Tower Grove Park was founded in 1867. There are lots of nice old homes around and it has the feel that I associate with the turn of the last century. There are bandstands and picnic areas. The trees are big and old, some of them probably planted more than a century ago.
I wouldn’t want to go back to any period in history except as a tourist. Even in the best of times, old times were not good, given the technology of medicine etc. But the time around 1900 had a lot of promise. IMO, urban living reached a plateau with the “garden city movement” that integrated living into park like settings. People like these neighborhoods. Above is Grand Boulevard, a renewed commercial district near the park.
I loved the big trees. There was a grove of bald cypress in one of the low lying places. You can see in the picture above. Bald cypress look a lot like dawn redwoods. Below is a mix. In the front are cypress and the back are dawn redwoods or Metasequoia glyptostroboides. None of them are very old, since they were only rediscovered in 1944 in China. They have been planted a lot in America. They grow fast. Nobody is sure how big they will get, since none of them are more than around sixty years old. You can tell them from bald cypress by their trunks and general shape. The dawn redwoods are more conical and their trunks are more twisted.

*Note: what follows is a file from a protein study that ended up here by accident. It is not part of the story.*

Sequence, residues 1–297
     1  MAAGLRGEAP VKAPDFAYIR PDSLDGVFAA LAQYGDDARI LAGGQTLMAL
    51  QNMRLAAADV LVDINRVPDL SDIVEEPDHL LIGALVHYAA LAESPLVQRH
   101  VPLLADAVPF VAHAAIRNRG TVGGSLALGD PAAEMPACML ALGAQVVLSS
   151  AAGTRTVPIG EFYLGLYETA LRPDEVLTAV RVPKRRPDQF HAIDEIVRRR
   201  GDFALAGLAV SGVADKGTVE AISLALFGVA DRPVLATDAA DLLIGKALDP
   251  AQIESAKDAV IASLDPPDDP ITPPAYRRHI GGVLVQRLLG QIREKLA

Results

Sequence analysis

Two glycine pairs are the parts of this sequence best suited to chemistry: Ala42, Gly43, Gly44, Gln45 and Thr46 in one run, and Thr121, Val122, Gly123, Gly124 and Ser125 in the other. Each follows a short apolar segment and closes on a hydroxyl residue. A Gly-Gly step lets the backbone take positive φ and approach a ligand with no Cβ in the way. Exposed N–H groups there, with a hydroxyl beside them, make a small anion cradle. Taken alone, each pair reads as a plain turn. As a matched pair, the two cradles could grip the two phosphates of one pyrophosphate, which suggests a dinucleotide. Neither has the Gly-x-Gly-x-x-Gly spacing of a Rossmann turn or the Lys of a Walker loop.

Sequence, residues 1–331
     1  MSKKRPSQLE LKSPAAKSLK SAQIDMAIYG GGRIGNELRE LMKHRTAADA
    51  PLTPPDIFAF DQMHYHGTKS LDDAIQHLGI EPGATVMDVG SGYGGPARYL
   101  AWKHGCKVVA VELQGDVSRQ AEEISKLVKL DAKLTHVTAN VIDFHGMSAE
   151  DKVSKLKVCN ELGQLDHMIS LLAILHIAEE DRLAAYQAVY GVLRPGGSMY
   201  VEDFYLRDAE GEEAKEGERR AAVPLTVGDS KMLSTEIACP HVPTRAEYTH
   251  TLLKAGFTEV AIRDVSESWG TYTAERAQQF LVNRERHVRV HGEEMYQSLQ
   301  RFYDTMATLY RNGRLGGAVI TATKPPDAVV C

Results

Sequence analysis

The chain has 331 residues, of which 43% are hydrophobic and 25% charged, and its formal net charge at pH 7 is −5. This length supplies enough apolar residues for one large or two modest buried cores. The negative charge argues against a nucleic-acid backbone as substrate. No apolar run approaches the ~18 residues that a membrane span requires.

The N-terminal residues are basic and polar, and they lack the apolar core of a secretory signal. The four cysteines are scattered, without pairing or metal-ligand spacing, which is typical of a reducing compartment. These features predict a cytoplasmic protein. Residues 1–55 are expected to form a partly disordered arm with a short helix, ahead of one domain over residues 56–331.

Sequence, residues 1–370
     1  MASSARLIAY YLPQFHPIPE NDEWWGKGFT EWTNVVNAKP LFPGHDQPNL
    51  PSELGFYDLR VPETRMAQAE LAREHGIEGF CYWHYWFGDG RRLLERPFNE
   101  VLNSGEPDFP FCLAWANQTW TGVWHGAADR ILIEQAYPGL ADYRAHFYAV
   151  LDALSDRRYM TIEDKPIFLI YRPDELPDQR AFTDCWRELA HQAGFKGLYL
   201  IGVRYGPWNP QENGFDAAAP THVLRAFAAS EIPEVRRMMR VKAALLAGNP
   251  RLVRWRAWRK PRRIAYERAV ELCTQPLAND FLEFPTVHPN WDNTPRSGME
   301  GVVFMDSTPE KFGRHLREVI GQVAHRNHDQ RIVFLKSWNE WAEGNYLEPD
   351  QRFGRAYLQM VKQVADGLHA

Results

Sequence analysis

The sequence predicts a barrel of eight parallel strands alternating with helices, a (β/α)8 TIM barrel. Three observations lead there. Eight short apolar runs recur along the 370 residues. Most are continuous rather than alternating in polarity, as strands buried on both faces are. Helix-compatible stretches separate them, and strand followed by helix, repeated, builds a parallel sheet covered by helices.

The gingko trees are also exotic. They are from the time of the dinosaurs and are very resistant to pests, presumably they outlived most of the threats. They are also fairly impervious to pollution, salt and bad soil. They are also called maidenhair trees because the leaves remind of combs.
My picture doesn’t show it, but they are not really leaves in the ordinary sense. They are actually needles like pines but meshed together into a leaf. The gingko trees in the park were very big. You rarely see such big gingko trees.